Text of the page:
A pediatric neurologist diagnosed verbal apraxia, a speech disorder, and recommended that she receive intensive speech therapy. He suggested no other treatment. Lisa's mother had heard, though, about studies linking omega-3 fatty acids to intelligence and healthy brains, and she thought she'd give them a try. She purchased a bottle of Nordic Naturals' Children's DHA in liquid form and began putting half a teaspoon in her daughter's orange juice every morning. Within a week, the young girl was babbling and her tantrums stopped. Amazed, her mother spoke to the doctors, but none of them would engage her, as she puts it, in a conversation about omega-3s. So Lisa continued speech therapy—and her omega-3s—for a year and will be starting preschool this fall with her peers.
A happy anecdote, to be sure. Ask any scientist, though, and he will admit that without testing, we can't be certain that omega-3s fueled Lisa's recovery. But he can point to a growing body of scientific literature that touts the benefits of omega-3 supplementation. Studies show that these special fatty acids accumulate in the brain and can aid children with learning disabilities, reduce violence in prison populations, and even improve everyday mood.
We can only obtain these fats through our diet. They are essential to the development of healthy brains and other metabolically active tissues. Indeed, research from the world's top universities shows that these fats do much more than regulate our brains: They can also lower risk of heart disease, arthritis, and cancer. They even help fight wrinkles and may block fat-cell formation.
How could omega-3s possibly be this powerful? Scientists believe it's because Americans are suffering from a widespread deficiency. A recent study conducted by Dariush Mozaffarian, M.D., of the Harvard School of Public Health, found that the absence of these fatty acids in our diet is responsible annually for up to 96,000 premature deaths in this country. Scientists, however, are learning that fixing this nutritional deficiency is a bit more complicated than simply telling people to eat more fish.
Our collective omega-3 deficiency ...
Every once in a while, a discovery comes along that changes everything about the way we see the world. In the early 16th century, Nicolaus Copernicus had such a moment when he discovered that Earth was not the center of the universe. Our new understanding of essential fats is that kind of discovery, and I was lucky enough, as a science writer, to make a small-yet-key contribution. While researching a book on omega-3s, I realized that the essential fats—the omega-3s and their close cousins, the omega-6s—change with the seasons. It might sound like a small idea, but it may soon fundamentally change the way you think about food.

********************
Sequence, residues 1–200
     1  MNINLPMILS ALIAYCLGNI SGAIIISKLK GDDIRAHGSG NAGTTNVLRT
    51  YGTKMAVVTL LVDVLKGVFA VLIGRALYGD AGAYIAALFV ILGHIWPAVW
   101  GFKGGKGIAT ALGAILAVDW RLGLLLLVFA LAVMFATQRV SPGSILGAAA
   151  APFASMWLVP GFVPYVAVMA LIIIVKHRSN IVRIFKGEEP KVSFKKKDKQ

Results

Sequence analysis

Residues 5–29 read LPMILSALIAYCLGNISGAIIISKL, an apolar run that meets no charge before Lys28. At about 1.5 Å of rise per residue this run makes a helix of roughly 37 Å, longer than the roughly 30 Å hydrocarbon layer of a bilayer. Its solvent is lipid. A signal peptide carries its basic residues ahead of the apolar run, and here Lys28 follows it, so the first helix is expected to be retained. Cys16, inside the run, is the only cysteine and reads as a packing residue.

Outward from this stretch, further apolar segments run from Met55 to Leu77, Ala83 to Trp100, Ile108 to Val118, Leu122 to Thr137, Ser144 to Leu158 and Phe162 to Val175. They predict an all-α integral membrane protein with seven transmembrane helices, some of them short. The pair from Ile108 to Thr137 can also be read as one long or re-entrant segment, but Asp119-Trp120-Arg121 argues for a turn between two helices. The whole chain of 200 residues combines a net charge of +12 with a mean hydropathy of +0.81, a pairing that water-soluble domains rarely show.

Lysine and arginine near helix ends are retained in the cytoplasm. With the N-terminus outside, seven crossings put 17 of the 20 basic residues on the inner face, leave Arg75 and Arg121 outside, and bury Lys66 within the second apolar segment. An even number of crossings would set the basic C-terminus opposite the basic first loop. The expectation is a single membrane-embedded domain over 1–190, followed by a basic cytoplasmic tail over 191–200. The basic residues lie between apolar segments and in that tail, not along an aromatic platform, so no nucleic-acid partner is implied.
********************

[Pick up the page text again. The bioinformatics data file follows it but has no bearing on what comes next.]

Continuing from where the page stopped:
First, let's start with omega-3s, what I'll call the spring fats. These are likely the most abundant fats in the world, but they don't originate in fish, as many believe. Rather, they are found in the green leaves of plants. Fish are full of omega-3s because they eat phytoplankton (the microscopic green plants of the ocean) and seaweed. In plants, these special fatty acids help turn sunlight into sugars, the basis of life on Earth. The spring fats speed up metabolism. They are fats that animals (humans included) use to get ready for times of activity, like the mating season. They're found in the highest concentrations in all the most active tissues: brains, eyes, hearts, the tails of sperm, the flight muscles of hummingbirds. Because fish have so many of these fats in their diets, they can be active in cold, dark waters. These fats protect our brains from neurological disorders and enable our hearts to beat billions of times without incident. But they are vanishing from our diet, and you'll soon understand why.
See how one writer's experiences in Greece taught her to change her diet and her lifestyle for good.
... And our omega-6 surplus
Next up are the omega-6s, what I'll call the fall fats. They originate in plants as well, but in the seeds of plants rather than the leaves. The fall fats are simply storage fats for plants. Animals require both—omega-3s and omega-6s—in their diets and their tissues. But omega-6s are slower and stiffer than omega-3s. Plus, they promote blood clotting and inflammation, the underlying causes of many diseases, including heart disease and arthritis. Omega-3s, on the other hand, promote blood flow and very little inflammation, which may prevent things like heart disease. The proper mix of these two fats helps create tissue with the right amount of blood flow and inflammation. But because they're in constant competition to enter our cells, if your diet consists of too many omega-6s, your body will be deficient in omega-3s. And that is what's been happening to us as we've been eating more and more seed fats in the form of soybean, corn and other vegetable oils.
Since 1909, according to the USDA, Americans have more than doubled their daily intake of omega-6s—from about 7 grams to around 18. One hundred years ago, heart disease was much less common in this country. Over the past century, though, heart disease has risen in tandem with our increasing intake of these seed fats, or omega-6s, according to the American Heart Association (AHA). So have neurological disorders like Lisa's, as well as depression, arthritis, obesity, insulin resistance and many cancers. While other dietary factors such as increased consumption of calories, trans fats and sugar undoubtedly contributed, our essential fatty acid imbalance is a key player in most of these illnesses.